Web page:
The age and complicated medical history of these seniors increase the likelihood that they'll suffer more significant damage due to the disease. That situation will almost certainly generate higher costs, as well, for both acute and long-term treatments, a fact which concerns over 80% of participants in a recent survey. Additional research indicates that they are rightfully concerned about a COVID-19 diagnosis's financial fall-out. Because of the variety of available Medicare plans and the varying terms each of those contracts contains, some Medicare beneficiaries will pay more for COVID-related healthcare services than others:

Basic Medicare

  • Many beneficiaries (6.1 million) carry only Basic Medicare coverage, which follows the standards set out in the original Medicare plan. These include Part A (hospital care) and Part B (outpatient care.) These COVID patients may receive a significant medical care bill depending on the severity of their sickness and the amount of time they've spent in the hospital:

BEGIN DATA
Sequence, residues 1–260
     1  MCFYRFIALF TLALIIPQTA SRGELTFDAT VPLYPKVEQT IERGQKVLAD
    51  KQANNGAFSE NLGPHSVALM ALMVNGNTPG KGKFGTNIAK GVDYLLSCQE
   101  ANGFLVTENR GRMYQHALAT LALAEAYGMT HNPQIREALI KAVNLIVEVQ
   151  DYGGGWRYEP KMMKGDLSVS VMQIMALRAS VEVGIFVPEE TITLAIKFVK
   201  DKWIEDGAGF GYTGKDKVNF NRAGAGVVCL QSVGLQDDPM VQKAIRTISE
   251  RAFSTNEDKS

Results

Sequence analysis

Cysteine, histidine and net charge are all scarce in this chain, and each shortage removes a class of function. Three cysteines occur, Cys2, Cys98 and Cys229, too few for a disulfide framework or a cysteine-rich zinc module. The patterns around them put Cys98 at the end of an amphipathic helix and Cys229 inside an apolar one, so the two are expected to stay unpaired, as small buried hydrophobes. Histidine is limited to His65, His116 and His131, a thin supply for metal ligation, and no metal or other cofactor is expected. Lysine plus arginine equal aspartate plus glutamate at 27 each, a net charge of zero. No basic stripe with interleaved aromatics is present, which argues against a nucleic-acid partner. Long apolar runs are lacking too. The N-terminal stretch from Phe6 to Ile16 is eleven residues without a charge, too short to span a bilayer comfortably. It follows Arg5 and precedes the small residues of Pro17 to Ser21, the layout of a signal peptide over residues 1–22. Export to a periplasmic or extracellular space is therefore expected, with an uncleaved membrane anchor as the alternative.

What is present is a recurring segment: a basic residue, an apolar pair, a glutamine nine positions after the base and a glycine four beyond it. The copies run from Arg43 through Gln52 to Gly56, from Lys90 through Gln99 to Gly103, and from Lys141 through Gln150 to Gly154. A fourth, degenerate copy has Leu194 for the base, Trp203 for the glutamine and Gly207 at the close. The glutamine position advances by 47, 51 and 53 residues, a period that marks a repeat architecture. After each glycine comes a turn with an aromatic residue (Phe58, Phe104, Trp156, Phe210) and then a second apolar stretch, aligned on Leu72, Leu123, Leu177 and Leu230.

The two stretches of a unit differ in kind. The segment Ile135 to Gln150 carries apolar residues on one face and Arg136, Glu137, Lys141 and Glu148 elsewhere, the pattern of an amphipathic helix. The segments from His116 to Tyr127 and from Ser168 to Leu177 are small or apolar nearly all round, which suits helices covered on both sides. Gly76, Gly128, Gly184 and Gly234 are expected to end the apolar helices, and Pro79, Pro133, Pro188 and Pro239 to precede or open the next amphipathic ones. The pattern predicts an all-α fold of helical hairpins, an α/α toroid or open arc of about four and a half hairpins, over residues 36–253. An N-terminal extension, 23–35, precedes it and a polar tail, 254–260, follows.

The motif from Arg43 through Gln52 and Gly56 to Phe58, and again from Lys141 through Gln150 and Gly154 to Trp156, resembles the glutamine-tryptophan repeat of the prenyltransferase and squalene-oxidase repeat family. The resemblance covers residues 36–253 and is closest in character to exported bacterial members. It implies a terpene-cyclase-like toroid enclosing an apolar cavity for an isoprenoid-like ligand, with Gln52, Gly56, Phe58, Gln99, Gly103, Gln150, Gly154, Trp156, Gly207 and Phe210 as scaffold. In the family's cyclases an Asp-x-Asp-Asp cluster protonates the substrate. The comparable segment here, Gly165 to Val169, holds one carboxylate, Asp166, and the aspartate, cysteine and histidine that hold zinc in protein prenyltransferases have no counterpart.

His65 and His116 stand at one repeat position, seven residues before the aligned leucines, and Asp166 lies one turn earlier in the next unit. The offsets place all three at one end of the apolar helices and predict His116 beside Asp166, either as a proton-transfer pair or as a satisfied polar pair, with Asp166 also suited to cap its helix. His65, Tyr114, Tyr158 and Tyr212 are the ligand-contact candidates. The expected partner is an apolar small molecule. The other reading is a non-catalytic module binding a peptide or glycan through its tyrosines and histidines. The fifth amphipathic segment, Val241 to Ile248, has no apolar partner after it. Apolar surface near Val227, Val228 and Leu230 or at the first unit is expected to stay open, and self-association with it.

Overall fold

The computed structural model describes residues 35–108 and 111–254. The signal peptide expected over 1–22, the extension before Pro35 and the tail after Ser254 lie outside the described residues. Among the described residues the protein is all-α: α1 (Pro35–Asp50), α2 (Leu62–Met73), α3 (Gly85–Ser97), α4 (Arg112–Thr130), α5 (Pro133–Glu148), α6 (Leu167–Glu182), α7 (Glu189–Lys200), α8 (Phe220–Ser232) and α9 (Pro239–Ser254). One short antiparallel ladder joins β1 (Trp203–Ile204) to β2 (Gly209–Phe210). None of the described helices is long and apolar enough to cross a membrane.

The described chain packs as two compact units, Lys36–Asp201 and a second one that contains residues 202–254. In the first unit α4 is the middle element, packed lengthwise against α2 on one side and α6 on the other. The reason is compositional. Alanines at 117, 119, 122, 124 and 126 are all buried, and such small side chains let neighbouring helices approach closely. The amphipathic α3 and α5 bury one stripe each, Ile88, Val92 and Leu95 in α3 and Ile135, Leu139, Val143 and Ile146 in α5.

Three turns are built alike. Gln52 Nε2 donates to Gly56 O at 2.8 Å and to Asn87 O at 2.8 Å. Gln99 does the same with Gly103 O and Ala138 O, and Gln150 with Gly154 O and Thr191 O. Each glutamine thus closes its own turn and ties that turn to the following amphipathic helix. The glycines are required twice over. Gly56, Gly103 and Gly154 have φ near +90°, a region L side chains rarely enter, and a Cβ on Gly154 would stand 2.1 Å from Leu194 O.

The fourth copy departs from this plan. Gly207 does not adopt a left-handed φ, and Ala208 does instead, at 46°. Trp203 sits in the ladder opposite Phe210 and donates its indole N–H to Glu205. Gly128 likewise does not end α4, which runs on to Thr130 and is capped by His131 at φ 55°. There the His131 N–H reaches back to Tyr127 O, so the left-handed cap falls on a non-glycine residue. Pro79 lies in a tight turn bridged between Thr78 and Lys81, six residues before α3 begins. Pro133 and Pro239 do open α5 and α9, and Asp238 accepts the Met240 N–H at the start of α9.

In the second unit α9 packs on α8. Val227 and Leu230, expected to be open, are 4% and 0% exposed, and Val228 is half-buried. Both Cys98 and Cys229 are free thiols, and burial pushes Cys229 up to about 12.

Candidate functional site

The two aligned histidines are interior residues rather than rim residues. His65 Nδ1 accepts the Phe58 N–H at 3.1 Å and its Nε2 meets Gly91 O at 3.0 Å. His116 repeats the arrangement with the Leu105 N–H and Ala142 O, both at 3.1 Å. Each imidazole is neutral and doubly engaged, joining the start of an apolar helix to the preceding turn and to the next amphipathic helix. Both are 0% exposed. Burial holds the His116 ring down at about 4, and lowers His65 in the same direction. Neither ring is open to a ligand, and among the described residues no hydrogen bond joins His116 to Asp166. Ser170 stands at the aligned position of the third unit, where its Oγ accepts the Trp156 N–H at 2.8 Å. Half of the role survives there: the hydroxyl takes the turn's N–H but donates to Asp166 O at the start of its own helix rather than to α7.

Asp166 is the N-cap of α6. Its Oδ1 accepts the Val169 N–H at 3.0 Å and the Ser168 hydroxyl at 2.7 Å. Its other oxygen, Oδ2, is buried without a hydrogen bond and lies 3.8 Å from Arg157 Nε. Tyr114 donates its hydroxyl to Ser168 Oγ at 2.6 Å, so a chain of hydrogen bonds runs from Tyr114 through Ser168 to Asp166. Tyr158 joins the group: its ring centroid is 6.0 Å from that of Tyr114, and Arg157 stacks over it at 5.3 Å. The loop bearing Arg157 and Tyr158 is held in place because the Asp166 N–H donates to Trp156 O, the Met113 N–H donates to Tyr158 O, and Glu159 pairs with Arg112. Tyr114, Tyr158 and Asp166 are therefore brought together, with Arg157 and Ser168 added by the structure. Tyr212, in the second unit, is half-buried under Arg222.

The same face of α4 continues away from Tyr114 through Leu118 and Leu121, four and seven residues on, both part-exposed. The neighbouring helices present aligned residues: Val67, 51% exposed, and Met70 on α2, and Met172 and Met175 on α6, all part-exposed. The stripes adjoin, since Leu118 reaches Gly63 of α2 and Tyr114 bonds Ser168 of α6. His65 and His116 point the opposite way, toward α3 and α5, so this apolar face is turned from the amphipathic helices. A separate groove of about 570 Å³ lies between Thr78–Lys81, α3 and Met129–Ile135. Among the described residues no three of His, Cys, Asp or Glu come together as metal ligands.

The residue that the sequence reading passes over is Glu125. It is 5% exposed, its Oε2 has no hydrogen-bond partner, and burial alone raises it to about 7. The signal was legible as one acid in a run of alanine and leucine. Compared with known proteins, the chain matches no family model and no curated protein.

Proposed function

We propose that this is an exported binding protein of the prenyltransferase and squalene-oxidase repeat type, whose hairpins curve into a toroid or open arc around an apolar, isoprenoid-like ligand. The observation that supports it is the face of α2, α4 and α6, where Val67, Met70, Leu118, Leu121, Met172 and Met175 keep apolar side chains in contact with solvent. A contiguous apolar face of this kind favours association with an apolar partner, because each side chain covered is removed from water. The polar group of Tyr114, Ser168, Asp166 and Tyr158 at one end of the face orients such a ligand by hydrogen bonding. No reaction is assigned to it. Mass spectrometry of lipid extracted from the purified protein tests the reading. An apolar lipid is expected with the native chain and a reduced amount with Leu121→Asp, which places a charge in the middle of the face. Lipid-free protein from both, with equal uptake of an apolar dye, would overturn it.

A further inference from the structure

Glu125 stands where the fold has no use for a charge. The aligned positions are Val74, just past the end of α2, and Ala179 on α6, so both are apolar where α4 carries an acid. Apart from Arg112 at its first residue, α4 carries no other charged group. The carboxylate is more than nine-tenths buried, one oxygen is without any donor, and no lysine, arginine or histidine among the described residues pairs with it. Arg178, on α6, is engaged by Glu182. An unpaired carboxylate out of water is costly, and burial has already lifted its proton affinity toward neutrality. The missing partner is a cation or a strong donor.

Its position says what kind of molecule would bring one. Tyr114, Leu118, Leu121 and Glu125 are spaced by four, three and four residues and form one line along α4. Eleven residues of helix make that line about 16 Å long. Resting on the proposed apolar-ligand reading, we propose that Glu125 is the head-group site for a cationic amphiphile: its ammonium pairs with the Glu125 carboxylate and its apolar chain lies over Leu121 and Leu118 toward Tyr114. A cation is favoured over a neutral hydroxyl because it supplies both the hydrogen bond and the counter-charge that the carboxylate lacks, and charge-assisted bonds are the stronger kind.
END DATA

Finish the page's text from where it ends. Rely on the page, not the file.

• The standard deductible for hospital care was $1,408 in 2020 (rising to $1,484 in 2021). This covers the first 60 days of hospitalization, after which they accrue a daily co-pay of $352 ($371) for up to 90 days. If further hospitalization is needed after that, the daily rate of $704 ($742) is assessed and drawn from the participant's 'Lifetime Reserve."   
  • Those 'basic" patients who move to a skilled nursing facility pay no co-pay for the first 20 days, then accrue $176 ($185.50) through day 100. 
  • Outpatient doctor's visits, delivered through Part B, have a reasonable deductible of $198 ($203), while patients pay 20% of the cost of covered services. These costs are over and above the hospital fees accrued under Part A. 
  • Medicare Part D - prescription drug coverage - has no cap on spending, and deductibles can be as high as $445 (in 2021) depending on the specifics of the coverage and the drugs in question.  

Medicare Advantage Plans

Approximately 24 million beneficiaries receive their Parts A and B Medicare benefits from a Medicare Advantage program, which also usually includes prescription drugs.